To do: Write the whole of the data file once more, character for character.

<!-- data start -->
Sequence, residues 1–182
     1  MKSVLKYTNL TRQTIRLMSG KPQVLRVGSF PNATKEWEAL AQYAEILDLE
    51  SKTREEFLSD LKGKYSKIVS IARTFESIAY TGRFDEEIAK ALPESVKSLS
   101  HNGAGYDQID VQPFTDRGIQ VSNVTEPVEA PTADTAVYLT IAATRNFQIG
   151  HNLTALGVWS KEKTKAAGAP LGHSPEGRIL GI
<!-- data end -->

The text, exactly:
Sequence, residues 1–182
     1  MKSVLKYTNL TRQTIRLMSG KPQVLRVGSF PNATKEWEAL AQYAEILDLE
    51  SKTREEFLSD LKGKYSKIVS IARTFESIAY TGRFDEEIAK ALPESVKSLS
   101  HNGAGYDQID VQPFTDRGIQ VSNVTEPVEA PTADTAVYLT IAATRNFQIG
   151  HNLTALGVWS KEKTKAAGAP LGHSPEGRIL GI